The Race Goes to the Driven, Not the Swift
By Sarah Simonelli, RN
This year will mark my 13th consecutive year running the Boston Marathon. It will also be my 15th marathon overall. As a busy mother of four children, working as the Behavioral Health Nurse Case Manager with Cape Cod Healthcare’s ACO and pursuing my Psychiatric Mental Health Nurse Practitioner Degree, there is always one question I am most often asked about my running: “Where do I find the time?” It is a great question. The answer is really very simple.
I was fortunate enough to figure out early on in my quest for a healthy lifestyle that time management and commitment would play an equal role in my success of balancing work, family, school and my love of running. One of the most common excuses that prevent most people from working out is simply that they “do not have the time.” Let’s put time into perspective. If you had a dollar and someone asked you for two cents, would you give it to them? Of course, you would. Do you realize 30 minutes is roughly 2 percent of your day? Would you devote just 2 percent of your day breaking a sweat if you could improve your overall health?
Commit to walking 30 minutes each day
Exercise is known to increase your energy level, work productivity and improve your balance, strength and coordination. Exercise also helps you sleep better, look younger, decrease disease risk, reduce depression and anxiety, and improve bone density. The list goes on! I can assure you we all have 30 minutes to spare. Give yourself the two cents. Your body will thank you for it.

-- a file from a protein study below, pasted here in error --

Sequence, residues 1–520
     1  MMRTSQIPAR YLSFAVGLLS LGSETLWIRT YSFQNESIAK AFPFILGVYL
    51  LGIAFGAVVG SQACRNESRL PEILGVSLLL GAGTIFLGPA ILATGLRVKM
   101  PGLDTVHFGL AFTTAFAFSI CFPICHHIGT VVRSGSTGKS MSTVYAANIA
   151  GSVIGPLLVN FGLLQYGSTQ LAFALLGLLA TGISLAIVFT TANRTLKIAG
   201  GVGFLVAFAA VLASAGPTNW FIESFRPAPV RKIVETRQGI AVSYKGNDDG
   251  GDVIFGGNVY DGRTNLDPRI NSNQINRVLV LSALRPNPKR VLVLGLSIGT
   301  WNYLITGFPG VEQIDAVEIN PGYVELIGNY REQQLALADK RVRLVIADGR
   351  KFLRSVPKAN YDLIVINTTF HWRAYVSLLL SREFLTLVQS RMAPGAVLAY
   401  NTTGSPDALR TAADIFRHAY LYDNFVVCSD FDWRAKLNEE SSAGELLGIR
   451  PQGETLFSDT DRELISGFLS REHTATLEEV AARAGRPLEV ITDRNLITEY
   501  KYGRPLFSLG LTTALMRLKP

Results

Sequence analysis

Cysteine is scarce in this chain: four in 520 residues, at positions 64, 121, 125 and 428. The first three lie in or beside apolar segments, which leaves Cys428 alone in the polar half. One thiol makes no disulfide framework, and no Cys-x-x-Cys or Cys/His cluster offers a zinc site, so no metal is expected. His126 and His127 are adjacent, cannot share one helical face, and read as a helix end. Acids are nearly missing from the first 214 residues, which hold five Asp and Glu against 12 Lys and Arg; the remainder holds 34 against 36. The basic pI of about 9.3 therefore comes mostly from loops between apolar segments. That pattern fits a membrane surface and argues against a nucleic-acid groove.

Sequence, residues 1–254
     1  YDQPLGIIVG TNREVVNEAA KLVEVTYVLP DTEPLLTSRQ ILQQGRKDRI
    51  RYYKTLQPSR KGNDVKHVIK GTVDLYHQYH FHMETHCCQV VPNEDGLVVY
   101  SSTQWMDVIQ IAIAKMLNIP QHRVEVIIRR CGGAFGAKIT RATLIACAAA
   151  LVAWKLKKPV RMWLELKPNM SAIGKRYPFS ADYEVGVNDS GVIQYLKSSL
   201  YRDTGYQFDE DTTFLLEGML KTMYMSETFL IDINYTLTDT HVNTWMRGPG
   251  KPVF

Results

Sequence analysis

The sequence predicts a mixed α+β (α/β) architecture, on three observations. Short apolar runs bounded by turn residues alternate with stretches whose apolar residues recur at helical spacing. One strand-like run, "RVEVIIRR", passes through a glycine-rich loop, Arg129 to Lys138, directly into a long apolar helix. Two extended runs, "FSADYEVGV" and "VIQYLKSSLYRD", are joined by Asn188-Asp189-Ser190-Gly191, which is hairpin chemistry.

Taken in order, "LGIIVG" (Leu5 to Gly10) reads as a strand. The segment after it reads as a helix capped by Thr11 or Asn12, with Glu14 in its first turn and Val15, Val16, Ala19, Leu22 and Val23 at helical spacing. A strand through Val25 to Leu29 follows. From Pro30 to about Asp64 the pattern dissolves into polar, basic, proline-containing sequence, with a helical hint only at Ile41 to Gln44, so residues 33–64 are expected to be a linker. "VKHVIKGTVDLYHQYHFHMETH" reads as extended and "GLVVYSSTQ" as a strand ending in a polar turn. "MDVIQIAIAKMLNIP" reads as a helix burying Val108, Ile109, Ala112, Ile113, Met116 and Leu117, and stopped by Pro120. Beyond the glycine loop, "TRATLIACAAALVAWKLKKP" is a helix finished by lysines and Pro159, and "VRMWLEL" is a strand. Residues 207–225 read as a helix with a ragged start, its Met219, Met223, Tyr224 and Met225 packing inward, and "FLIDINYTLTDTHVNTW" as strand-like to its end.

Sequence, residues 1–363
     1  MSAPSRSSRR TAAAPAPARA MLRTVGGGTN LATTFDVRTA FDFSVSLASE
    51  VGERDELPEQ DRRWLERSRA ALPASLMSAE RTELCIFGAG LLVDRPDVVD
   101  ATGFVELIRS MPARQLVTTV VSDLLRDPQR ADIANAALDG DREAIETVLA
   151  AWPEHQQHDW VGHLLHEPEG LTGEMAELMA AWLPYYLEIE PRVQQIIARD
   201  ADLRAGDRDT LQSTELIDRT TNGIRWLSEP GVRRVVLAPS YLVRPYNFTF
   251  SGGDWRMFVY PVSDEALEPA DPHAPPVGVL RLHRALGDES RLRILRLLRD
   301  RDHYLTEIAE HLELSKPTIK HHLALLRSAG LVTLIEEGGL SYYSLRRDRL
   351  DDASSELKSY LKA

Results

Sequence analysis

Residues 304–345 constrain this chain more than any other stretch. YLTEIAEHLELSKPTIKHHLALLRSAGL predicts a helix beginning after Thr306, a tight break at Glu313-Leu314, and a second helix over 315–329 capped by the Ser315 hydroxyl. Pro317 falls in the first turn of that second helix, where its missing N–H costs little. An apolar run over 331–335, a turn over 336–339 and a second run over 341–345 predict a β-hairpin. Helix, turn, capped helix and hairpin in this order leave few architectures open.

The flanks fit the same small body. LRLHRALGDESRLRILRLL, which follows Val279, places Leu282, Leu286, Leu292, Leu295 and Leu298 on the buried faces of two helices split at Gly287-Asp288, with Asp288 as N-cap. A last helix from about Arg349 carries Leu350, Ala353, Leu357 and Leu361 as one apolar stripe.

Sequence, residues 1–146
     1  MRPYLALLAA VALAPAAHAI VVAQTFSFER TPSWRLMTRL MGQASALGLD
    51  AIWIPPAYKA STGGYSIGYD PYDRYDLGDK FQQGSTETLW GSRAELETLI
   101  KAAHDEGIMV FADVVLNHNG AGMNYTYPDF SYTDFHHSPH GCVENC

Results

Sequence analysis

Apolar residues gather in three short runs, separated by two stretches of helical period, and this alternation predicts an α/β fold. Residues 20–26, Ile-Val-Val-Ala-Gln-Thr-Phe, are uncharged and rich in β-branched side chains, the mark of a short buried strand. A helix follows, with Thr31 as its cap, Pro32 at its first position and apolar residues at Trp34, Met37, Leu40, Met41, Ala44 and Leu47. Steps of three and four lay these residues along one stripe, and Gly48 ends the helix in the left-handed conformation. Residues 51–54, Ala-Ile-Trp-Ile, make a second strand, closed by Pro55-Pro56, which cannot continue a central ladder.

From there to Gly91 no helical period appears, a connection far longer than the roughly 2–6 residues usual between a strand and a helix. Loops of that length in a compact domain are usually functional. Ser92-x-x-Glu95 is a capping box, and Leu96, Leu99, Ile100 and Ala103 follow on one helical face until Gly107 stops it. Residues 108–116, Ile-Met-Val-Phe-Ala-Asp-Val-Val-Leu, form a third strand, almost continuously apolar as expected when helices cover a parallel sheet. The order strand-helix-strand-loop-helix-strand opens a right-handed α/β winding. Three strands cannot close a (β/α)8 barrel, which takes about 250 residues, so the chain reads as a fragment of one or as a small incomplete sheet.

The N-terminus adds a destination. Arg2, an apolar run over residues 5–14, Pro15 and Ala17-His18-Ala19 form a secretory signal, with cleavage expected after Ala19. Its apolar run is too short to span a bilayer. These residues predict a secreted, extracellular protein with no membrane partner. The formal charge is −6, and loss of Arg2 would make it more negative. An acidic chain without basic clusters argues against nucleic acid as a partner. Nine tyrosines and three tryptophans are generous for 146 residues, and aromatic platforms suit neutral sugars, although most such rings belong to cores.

Secondly, commitment is crucial to any exercise routine. Setting small goals will help you stay focused on achieving them. I would never advise someone to start with lofty expectations on their fitness journey. Running a marathon is not for everyone, especially those just beginning. Why not commit to start out walking briskly for 30 minutes each day and build from there? You can always incorporate more time as your endurance improves. Consequently, you can incorporate brisk walking combined with a few interchangeable minutes of jogging as you feel stronger. The plan is simply to make a goal, stick to it and achieve it. As you reach your goal, make the next one bigger and keep building.
Start by signing up for a 5k race
Consider signing up for a 5k race as spring race season closes in. They are slightly over three miles long, making them perfect to start your fitness goals. Also, consider getting your friends or family involved. Additionally, most 5k races benefit a cause you may feel good about supporting, too. In my racing experience, people who join races get just as much inspiration by watching and encouraging fellow participants to cross the finish line. We all start somewhere, and most of us join races for the same fundamental reason, to reach a goal!
As this year’s Boston Marathon approaches in April, I am in full training mode with several of my running friends from the Cape. The cold, wet weather and endless barrage of snowy days have been challenging to log the miles in preparation for the big day.
“We have forty million reasons for failure, but not a single excuse.”